C. S. Lewis on the Blessed Sacrament
by Walter Hooper & Jacob Fareed Imam
C. S. Lewis ends his one extended discussion of the Eucharist, in Letters to Malcolm, with a very telling line: "All this is autobiography, not theology." By this Lewis means that his reflections stem from a mixture of biblical and personal convictions about the nature of the Eucharist. Thus, before we examine Lewis's more theological considerations on the sacrament, we'll take a biographical sketch of Lewis as a parishioner.
Writing in 1931, not a year after his conversion, Lewis asked his brother:
By the bye, what are your views, now, on the question of the sacraments? To me that is the most puzzling side of the whole thing. I need hardly say I feel none of the materialistic difficulties: but I feel strongly just the opposite ones—i.e. I see (or think I see) so well a sense in which all wine is the blood of God—or all matter, even, the body of God, that I stumble at the apparently special sense in which this is claimed for the Host when consecrated.
Lewis and his brother returned to the faith of their youth at about the same time in 1931. And though Major Warren Hamilton Lewis—always called "Warnie"—never could boast of the riveting academic career of his brother, he always proved a worthy conversation partner. The two began attending Anglican liturgical services together at Holy Trinity Church in Oxford and dutifully appeared together every Sunday until 1952. In that year Father Ronald Head arrived.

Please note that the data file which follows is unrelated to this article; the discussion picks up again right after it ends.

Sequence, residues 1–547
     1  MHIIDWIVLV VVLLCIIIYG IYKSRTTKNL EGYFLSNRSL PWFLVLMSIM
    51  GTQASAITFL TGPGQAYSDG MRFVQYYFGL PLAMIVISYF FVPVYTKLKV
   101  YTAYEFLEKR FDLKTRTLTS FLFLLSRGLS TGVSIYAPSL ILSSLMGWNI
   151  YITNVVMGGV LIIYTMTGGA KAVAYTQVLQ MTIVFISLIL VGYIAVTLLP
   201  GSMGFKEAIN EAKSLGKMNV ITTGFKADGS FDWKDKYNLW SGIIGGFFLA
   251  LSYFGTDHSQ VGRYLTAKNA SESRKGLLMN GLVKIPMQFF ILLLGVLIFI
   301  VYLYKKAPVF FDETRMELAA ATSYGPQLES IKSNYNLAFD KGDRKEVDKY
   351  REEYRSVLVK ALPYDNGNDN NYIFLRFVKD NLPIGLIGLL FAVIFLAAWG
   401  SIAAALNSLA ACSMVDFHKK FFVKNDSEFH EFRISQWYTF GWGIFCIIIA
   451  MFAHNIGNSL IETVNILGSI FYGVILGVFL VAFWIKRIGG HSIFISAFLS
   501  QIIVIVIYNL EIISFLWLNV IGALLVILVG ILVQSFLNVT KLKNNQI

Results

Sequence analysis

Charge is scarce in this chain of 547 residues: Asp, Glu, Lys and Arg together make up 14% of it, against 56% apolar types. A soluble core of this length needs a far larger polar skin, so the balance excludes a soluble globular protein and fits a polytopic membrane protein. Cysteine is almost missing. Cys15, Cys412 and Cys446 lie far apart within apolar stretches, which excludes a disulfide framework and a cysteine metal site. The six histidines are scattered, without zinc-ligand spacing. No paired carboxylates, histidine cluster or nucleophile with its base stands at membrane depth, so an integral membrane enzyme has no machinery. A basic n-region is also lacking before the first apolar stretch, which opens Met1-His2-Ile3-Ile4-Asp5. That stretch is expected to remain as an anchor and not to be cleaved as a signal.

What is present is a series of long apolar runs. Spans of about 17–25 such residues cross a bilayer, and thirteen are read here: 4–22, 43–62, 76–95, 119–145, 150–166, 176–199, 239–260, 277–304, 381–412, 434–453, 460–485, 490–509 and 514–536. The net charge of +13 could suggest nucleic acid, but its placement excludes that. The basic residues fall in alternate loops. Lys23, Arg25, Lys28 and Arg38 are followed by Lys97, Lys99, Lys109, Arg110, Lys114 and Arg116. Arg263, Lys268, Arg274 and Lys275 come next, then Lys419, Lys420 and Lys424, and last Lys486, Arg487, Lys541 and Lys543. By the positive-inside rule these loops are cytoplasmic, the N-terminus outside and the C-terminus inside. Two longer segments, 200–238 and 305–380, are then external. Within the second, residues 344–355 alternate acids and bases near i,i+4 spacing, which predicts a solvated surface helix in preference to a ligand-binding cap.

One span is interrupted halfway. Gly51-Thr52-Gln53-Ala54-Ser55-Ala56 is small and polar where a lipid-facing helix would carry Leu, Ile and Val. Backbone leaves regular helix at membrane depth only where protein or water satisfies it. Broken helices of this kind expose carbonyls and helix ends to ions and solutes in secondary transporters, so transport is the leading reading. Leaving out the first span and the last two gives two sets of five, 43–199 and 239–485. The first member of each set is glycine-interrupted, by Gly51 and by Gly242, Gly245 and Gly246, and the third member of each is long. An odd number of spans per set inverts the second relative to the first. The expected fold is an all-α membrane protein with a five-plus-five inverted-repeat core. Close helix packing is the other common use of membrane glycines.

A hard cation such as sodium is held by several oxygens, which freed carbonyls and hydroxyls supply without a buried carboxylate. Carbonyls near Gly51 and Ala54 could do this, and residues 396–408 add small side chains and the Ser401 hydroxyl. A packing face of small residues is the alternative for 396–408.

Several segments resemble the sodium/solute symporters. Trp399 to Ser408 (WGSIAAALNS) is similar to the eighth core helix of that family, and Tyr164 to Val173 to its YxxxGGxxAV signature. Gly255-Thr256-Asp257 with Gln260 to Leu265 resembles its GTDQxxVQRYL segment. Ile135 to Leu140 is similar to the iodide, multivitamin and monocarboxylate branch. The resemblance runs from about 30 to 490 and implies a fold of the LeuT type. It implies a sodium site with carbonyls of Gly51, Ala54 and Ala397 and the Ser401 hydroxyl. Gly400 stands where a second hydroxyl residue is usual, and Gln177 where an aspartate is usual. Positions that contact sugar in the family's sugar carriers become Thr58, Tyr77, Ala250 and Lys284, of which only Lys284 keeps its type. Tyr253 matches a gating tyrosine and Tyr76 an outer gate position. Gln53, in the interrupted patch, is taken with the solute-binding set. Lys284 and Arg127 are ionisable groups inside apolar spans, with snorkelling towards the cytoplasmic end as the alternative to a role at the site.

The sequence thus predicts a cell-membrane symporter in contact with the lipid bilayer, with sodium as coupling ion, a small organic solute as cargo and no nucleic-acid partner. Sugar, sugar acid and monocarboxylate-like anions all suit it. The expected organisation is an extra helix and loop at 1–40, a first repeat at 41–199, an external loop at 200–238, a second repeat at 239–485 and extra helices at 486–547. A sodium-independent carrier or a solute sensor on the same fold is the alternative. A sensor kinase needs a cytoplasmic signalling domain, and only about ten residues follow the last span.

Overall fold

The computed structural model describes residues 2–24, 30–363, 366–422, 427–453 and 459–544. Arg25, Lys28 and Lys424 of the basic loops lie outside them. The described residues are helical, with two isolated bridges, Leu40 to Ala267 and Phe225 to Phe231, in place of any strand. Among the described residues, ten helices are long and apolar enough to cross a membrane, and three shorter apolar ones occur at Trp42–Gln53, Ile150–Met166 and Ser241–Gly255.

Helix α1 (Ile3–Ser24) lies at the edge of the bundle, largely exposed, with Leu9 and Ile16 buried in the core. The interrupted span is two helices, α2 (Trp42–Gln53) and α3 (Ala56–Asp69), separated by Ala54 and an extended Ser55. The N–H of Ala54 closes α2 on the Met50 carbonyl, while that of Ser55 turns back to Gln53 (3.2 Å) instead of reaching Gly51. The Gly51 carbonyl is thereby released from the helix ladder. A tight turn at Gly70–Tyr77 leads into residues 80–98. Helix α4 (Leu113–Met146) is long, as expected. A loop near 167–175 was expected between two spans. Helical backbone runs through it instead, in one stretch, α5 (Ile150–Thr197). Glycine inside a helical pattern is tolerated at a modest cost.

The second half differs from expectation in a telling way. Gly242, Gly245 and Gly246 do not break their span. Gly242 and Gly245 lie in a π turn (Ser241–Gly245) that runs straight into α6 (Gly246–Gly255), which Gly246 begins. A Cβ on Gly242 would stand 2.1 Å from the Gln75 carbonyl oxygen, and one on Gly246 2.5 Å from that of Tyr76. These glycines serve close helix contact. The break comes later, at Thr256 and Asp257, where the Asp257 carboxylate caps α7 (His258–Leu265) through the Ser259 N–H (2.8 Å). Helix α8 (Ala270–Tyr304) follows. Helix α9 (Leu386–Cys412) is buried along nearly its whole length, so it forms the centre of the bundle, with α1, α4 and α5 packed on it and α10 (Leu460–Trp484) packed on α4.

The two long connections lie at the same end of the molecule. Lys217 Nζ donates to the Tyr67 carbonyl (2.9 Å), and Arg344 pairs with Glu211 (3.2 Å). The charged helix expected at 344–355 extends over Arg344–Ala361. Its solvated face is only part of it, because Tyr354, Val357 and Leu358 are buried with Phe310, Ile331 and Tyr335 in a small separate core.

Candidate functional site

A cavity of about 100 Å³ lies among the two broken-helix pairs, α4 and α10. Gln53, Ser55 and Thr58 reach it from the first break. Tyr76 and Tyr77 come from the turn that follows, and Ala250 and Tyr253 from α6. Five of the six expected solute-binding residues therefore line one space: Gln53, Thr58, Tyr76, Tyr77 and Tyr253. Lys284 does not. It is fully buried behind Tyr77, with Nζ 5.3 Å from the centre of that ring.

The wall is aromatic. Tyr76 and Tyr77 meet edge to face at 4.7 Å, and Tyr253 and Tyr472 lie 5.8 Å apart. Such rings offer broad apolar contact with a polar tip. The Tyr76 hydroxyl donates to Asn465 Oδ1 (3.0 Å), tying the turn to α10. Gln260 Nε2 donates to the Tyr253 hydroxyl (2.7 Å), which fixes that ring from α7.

Thirty years ago, Father Head visited the University of Oxford C. S. Lewis Society and presented a talk entitled "C. S. Lewis as Parishioner." He said the following:
When [Lewis and Warnie] first appeared at The Kilns, Father Wilfrid Thomas was Vicar, a Catholic-minded priest in a village which had been influenced by the Oxford Movement in various ways at least since 1867. Nevertheless, it was, interestingly enough, a village which had strong Methodist connections, antedating the Parish Church which had not been erected until 1849.
A new Vicar of low-Church outlook was instituted to the Benefice by the evangelical Bishop Strong of Oxford in 1936, and this incumbent remained until 1947, when the return of the pendulum began with my predecessor in 1947, and reached the status quo ante on my appearance later on.
The Oxford movement, which Father Head references, began about fifty years after the Evangelical movement. The Evangelicals under Wesley took a radical approach to the Bible, interpreting it with a literalist hermeneutic. The Oxford movement, on the other hand, re-adopted ancient tradition by returning to a vibrant sacramental life. In the 1830s, it was very uncommon for a Eucharistic celebration to occur every week at an Anglican church—perhaps a large parish would celebrate it once a month. For Keble, Newman, and Pusey, the founders of the Oxford movement, to hold a Eucharistic service every week, and pray Matins and Evensong every day was quite radical in another direction. A hundred years after the Oxford movement began, Father Head was continuing the work of Keble, Newman,
By the time Father Head arrived, Warnie had become quite involved in the parish, serving on the parish council and as churchwarden. He continued this after Father Head's arrival—though he was not well pleased with some of the changes Father Head made.
Walter Hooper served as C. S. Lewis’s secretary at the end of Lewis’s life. Since Lewis’s death in 1963, Walter has been the literary executor of the Lewis estate.
Jacob Fareed Imam is a Marshall Scholar, doctoral student, and former president of the C. S. Lewis Society at the University of Oxford. He is the managing director at Catholics 4 Truth & Justice.
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